What Marketers Need to Know

Have you noticed some big changes in your Facebook Page layout? Do you know where to find everything? Earlier this year, Facebook announced a new design for Facebook Pages. It took a while to roll out, but most Page admins had it by June. In this article you’ll discover 10 changes to your Facebook Page layout [Source:]

Were You Unknowingly Part of the Facebook Experiment?

- Saturday, June 28, 2014

Facebook tinkered with users’ feeds for a massive psychology experiment:

Scientists at Facebook have published a paper showing that they manipulated the content seen by more than 600,000 users in an attempt to determine whether this would affect their emotional state. The paper, “Experimental evidence of massive-scale emotional contagion through social networks,” was published in The Proceedings Of The National Academy Of Sciences. It shows how Facebook data scientists tweaked the algorithm that determines which posts appear on users’ news feeds—specifically, researchers skewed the number of positive or negative terms seen by randomly selected users. Facebook then analyzed the future postings of those users over the course of a week to see if people responded with increased positivity or negativity of their own, thus answering the question of whether emotional states can be transmitted across a social network. Result: They can! Which is great news for Facebook data scientists hoping to prove a point about modern psychology. It’s less great for the people having their emotions secretly manipulated.[Source:]  More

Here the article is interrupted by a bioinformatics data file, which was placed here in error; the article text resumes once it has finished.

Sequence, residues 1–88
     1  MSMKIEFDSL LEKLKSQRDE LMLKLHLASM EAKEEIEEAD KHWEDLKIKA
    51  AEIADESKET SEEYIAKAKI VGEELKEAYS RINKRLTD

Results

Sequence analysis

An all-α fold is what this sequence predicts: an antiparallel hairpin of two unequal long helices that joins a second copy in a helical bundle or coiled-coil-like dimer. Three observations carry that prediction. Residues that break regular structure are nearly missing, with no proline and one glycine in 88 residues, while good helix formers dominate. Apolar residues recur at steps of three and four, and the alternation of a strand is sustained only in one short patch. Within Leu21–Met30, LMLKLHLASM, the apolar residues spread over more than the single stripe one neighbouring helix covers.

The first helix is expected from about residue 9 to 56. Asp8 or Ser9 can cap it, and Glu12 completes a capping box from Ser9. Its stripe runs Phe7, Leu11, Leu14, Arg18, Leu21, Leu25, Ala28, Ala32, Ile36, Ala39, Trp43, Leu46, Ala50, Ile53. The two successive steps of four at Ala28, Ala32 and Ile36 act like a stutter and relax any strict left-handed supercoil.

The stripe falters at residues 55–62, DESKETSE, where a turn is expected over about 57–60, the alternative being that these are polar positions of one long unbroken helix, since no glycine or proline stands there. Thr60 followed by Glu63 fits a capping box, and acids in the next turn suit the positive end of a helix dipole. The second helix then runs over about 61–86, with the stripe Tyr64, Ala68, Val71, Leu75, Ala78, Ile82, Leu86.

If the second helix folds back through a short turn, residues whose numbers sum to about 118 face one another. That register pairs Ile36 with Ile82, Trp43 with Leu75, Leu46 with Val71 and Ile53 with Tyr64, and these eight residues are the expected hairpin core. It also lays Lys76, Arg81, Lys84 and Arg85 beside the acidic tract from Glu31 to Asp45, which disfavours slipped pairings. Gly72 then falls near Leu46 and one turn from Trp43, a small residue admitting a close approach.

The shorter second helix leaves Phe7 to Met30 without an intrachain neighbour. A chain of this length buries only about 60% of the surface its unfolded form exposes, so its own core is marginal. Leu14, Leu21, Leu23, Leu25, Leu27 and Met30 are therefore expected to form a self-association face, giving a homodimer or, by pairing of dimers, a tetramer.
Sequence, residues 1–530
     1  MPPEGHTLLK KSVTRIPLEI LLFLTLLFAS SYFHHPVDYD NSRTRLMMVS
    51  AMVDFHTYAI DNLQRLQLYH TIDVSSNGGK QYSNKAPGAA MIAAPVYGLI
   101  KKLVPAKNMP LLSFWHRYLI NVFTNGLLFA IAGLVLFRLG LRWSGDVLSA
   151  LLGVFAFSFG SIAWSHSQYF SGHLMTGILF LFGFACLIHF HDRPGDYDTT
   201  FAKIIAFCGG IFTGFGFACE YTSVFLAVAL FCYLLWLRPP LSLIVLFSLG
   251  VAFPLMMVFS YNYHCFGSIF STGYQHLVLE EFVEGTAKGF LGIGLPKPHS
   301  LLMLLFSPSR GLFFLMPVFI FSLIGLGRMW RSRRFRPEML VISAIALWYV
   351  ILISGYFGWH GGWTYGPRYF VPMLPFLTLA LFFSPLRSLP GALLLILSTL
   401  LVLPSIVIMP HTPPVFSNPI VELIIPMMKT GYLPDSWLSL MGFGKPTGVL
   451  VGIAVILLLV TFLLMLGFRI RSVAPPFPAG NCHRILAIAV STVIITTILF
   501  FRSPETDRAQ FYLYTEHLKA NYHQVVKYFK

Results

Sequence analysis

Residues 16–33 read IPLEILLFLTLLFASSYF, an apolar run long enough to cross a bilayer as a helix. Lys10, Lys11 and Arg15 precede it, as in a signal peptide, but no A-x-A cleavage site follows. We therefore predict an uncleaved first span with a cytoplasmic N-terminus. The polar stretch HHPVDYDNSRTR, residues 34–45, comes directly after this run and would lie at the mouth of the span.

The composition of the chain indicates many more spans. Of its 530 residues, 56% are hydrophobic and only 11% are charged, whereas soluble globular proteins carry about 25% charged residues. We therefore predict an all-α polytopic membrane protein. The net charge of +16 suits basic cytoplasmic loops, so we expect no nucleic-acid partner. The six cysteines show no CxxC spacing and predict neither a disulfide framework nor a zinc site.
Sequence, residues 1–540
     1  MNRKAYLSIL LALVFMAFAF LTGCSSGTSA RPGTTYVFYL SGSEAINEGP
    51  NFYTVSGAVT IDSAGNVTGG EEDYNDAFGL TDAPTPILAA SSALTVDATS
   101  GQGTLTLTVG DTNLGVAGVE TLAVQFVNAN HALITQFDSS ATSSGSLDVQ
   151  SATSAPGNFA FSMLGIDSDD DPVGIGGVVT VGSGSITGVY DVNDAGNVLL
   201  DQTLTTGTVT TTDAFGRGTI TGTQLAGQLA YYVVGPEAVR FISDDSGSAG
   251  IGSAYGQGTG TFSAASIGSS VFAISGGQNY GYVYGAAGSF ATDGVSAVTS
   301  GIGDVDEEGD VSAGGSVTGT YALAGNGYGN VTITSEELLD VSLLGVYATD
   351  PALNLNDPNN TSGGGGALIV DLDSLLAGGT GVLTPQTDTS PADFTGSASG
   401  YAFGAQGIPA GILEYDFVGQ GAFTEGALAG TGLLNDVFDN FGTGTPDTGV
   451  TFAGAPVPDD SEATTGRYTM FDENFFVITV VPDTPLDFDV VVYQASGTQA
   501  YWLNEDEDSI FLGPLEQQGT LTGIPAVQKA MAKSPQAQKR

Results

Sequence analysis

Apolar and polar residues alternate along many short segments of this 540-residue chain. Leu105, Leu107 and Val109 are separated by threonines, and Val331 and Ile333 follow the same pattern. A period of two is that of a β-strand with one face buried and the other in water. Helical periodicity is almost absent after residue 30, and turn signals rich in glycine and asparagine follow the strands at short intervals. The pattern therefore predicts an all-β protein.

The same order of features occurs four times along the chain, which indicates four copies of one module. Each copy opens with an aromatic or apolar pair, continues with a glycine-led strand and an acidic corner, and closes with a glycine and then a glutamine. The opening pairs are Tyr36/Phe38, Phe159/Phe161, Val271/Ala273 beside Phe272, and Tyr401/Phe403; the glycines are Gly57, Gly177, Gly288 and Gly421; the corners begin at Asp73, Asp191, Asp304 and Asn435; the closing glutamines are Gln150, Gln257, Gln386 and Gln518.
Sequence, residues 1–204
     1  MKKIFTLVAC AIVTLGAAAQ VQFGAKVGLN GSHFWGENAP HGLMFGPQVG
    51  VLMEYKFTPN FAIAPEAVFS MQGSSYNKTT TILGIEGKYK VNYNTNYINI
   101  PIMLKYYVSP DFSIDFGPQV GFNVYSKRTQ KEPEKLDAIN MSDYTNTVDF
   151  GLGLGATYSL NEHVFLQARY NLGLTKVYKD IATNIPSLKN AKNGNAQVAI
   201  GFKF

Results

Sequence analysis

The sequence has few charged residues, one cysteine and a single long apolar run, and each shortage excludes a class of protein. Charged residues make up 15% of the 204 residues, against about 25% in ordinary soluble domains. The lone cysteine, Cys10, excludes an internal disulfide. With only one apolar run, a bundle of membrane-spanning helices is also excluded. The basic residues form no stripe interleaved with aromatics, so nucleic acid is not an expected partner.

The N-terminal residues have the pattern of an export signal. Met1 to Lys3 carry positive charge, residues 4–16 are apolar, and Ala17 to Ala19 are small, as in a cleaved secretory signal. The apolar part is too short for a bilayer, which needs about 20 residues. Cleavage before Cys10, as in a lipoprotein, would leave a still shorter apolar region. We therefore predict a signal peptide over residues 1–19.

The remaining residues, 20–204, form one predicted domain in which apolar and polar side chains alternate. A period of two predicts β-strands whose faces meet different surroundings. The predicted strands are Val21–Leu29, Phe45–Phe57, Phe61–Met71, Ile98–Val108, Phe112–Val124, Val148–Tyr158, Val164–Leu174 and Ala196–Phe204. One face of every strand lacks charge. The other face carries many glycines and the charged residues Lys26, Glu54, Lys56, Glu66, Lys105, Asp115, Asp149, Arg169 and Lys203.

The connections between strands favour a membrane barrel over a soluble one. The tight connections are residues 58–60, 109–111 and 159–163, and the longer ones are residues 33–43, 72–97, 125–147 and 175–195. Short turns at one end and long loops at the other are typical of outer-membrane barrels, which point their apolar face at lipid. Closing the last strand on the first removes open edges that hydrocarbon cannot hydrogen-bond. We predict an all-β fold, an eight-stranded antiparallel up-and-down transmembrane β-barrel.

Brands On Facebook Are About to Get a Bigger Reach

- Tuesday, February 25, 2014

Facebook's greatest asset to marketers has always been its audience — more than one billion active users, a figure that carries some weight. Now, a new change to Facebook's News Feed algorithm means brands will have greater reach than ever. View original article on

Facebook to Reduce Text Status Reach for Pages

- Thursday, January 23, 2014

If you're like the million other Facebook Page users who have figured out that text status updates reach a wider audience than other type of status updates, now you've got to rethink your entire posting process. Yeah, it's true. Facebook has done it again. Why, would Facebook keep changing their algorithms, do you ask?

We are learning that posts from Pages behave differently to posts from friends and we are working to improve our ranking algorithms so that we do a better job of differentiating between the two types.-Facebook.

There are things you can do about it. Here's what's John Haydon has to say on what you can do to stay on top of all of Facebook's changes.  More

Facebook Discontinues Sponsored Stories

Mark Anderson - Saturday, January 18, 2014

Were you one of those users who's "likes" and comments were being used in advertisements to coax others to "like" what you had? If you were, and you weren't too happy about it, you're part of the reason for Facebook's latest announcement. Users' interactions within Sponsored Stories created controversy and a lawsuit from Facebook users who felt that this violated their privacy. Facebook settled the suit, and has now adapted its privacy settings to give users more control over who can see the information they share on the social network in an announcement they made on their developers blog early this week. More